Friday, September 12, 2014

Peace Pilgirmage First Day: Church of the Holy Sepulcher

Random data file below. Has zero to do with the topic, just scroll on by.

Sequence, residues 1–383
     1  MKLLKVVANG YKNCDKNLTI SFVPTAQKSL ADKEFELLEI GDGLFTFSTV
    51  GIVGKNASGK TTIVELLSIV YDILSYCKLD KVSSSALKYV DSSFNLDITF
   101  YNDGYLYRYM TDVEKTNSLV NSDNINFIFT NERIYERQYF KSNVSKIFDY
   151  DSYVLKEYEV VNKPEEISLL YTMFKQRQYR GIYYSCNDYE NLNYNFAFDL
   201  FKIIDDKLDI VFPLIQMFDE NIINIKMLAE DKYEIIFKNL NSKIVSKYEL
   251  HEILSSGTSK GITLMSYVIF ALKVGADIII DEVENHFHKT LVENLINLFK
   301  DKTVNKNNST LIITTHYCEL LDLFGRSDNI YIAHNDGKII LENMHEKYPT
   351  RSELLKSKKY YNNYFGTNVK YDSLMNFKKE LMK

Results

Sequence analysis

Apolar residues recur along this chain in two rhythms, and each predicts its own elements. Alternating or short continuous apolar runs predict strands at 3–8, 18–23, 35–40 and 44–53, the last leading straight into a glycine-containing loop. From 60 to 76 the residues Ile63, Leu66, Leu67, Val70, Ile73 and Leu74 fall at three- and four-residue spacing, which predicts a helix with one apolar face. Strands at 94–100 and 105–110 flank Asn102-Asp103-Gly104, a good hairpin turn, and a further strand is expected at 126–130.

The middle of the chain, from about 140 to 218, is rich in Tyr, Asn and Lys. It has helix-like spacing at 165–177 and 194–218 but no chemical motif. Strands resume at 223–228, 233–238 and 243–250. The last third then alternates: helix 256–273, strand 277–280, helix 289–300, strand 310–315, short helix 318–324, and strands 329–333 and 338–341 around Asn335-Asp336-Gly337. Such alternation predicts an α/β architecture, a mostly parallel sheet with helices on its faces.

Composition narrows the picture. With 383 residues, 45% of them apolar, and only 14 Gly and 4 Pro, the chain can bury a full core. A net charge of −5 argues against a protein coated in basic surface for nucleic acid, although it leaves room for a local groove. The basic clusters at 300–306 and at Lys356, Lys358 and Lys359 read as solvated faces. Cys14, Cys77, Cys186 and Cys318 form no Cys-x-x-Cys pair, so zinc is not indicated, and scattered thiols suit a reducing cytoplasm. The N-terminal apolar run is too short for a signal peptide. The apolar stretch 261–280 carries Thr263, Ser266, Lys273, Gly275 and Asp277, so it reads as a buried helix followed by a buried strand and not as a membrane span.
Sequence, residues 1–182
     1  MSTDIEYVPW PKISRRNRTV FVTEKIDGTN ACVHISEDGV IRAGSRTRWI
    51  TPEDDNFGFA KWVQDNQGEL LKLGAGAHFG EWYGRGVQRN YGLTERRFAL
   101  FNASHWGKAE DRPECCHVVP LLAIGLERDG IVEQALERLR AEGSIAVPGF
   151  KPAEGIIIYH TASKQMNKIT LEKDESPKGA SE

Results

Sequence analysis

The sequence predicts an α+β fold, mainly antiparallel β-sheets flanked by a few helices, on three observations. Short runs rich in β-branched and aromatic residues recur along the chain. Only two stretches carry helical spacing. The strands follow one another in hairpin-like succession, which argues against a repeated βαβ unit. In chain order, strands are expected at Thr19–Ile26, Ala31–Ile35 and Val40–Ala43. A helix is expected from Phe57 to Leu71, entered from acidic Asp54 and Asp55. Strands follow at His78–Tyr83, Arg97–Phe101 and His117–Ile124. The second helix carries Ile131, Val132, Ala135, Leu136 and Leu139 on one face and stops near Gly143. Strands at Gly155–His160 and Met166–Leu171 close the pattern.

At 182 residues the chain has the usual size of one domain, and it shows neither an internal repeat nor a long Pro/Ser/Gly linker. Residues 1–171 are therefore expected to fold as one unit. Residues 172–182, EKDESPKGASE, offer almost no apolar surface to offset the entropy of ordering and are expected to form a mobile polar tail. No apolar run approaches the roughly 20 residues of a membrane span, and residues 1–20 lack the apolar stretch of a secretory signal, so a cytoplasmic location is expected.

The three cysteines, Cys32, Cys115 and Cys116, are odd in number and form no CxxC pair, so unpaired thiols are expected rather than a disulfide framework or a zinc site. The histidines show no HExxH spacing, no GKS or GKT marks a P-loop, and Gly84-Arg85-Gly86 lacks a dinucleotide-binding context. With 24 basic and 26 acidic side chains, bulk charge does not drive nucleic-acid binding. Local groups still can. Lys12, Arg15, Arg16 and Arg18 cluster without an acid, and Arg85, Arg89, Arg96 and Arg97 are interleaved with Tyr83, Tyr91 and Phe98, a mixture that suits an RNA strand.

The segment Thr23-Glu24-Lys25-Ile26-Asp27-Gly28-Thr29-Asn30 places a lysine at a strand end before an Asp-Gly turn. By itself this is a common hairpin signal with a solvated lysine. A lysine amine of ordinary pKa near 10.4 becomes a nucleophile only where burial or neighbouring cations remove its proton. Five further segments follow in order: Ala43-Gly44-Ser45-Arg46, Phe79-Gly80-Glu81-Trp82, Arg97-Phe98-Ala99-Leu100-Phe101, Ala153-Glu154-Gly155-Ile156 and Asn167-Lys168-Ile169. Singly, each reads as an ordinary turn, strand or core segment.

Greetings from the Holy Land---the Land of our forefathers and mothers: Abraham, Isaac, Jacob, Moses and David; the Land where Jesus lived, taught, died and rose, and where the Christian/Catholic faith was born; the Land of Mohammed the Prophet from Mecca.  In this ancient part of the world, where many of those signs of the beginnings and the continued practice of the world's three great religions---Judaism, Christianity and Islam---are visible everywhere, there are also signs of modern cities, growth and development in so many ways.  Yet the ancient conflicts between and among these good people continue from generation to generation, and currently are still present.  People are tense.  And yet, the plea from all the people is the same now as it has always been:  we want to live in Peace.  I am very privileged to be one of 18 Bishops from the United States who have come to this Holy Land on a Pilgrimage for Peace in the Holy Land.  Over the course of these next 8 days, we will tour and visit these holy places; we will pray at these holy places; but we will also be meeting with Christian leaders, Jewish leaders, Islam leaders---religious and civil (sometimes one and the same)---to try to learn more about the root causes of these ancient/current conflicts, and to discuss ways to greater understanding, mutual respect, and ultimately ways to live in peace.  As everyone knows, these are complex issues, which are intertwined with religious, political, social and cultural concerns.  But there must be a way to Peace----God's constant plan is for His people---all people---to live in Peace and Unity.